On top of the limited selection, there aren’t many socially responsible funds of any kind that have returns averaging 9% over a ten year period. Most either have significantly lower returns or have not been around long enough to show what they’re capable of over the long term. While past performance does not indicate future returns, it can help you get a sense for how volatile a fund is, how well it adheres to its investment goals, and whether the fund has stable management–all important factors to consider when choosing a mutual fund. Of course, you could always take a risk and invest in a newbie fund and hope for the best. Just remember that what goes up must come down.
A couple of funds do show good long-term returns, like Bridgeway Ultra Small Company Market (BRSIX), Parnassus Equity Income (PRBLX), and Pax World Balanced (PAXWX). Like most socially responsible funds, though, all have somewhat high expense ratios (in this case, .67, .99, and .94, respectively). While BRSIX’s high returns, acceptable expense ratio, and low $2000 initial investment seem appealing at first glance, no young investor starting out would want to have a significant amount of money invested in micro-cap stocks, which are volatile and more of a specialized investment used to create a well-rounded portfolio than a good choice for a core holding. Additionally, the fund’s great returns came largely from one unusually stellar year in 2003 (79.3%). Other common problems with socially responsible funds include loads, an overemphasis on growth stocks (which tend to be more volatile), and an overemphasis on specific sectors.
Socially responsible investing can also take the form of investing in mutual funds that invest in foreign countries, particularly those that are considered frontier markets, which are a step below emerging markets on the investing ladder. The idea is that by investing in these countries, their economies will grow and their residents will begin to rise out of poverty. Investing this way can be tricky, though, because it can be difficult to decide whether a country needs more investment dollars to help it get its act together or whether it should be boycotted for refusing to get its act together. Refusing to invest in countries whose regimes you don’t support, or getting other to withdraw their investments in these countries, can also be effective in creating change–it helped end apartheid in South Africa.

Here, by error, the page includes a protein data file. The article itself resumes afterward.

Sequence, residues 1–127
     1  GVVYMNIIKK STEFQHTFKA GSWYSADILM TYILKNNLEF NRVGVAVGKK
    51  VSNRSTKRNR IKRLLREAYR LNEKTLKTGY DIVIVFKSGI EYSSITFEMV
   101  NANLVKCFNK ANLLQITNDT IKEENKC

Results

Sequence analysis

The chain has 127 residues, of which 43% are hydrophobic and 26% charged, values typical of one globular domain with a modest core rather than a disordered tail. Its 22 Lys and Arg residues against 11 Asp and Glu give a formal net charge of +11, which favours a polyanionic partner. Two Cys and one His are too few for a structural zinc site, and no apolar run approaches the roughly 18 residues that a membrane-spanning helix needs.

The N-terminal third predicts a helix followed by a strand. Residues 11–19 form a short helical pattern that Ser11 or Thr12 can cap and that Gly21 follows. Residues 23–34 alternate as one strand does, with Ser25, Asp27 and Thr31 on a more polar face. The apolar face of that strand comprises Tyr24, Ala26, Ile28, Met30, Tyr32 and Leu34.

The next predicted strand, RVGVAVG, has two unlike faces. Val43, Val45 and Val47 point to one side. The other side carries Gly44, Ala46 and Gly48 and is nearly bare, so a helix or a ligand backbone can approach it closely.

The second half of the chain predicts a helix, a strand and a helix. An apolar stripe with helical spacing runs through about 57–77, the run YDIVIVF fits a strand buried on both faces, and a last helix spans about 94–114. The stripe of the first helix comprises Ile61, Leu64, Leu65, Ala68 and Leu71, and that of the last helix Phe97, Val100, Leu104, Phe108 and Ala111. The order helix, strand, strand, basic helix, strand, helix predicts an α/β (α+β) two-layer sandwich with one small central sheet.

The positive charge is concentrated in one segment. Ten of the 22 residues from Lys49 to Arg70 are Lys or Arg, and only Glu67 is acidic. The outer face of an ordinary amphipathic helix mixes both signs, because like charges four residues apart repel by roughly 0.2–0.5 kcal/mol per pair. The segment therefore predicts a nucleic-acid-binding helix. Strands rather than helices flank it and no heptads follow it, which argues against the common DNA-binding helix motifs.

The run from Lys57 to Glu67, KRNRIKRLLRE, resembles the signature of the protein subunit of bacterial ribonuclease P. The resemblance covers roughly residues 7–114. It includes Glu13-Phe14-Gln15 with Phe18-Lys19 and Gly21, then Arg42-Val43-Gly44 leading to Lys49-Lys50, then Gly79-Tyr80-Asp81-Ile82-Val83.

A good place to start researching socially responsible mutual funds is the Social Investment Forum website’s socially responsible mutual funds chart. You can then do further research on any funds that appeal to you over at Morningstar.com.
While socially responsible investing may not have caught up to traditional investing yet in terms of the choices or the returns it has to offer consumers, there are at least a few funds you can invest in and earn respectable returns. The more criteria you have when choosing a mutual fund, the closer you get to having to take your chances with individual stocks or start compromising some of your values so that you don’t have to compromise your future financial well-being. Despite the lower returns and higher fees characteristic of many socially responsible funds, for people who have been avoiding investing altogether for moral reasons, investing in SRI funds is a much better option than doing nothing at all.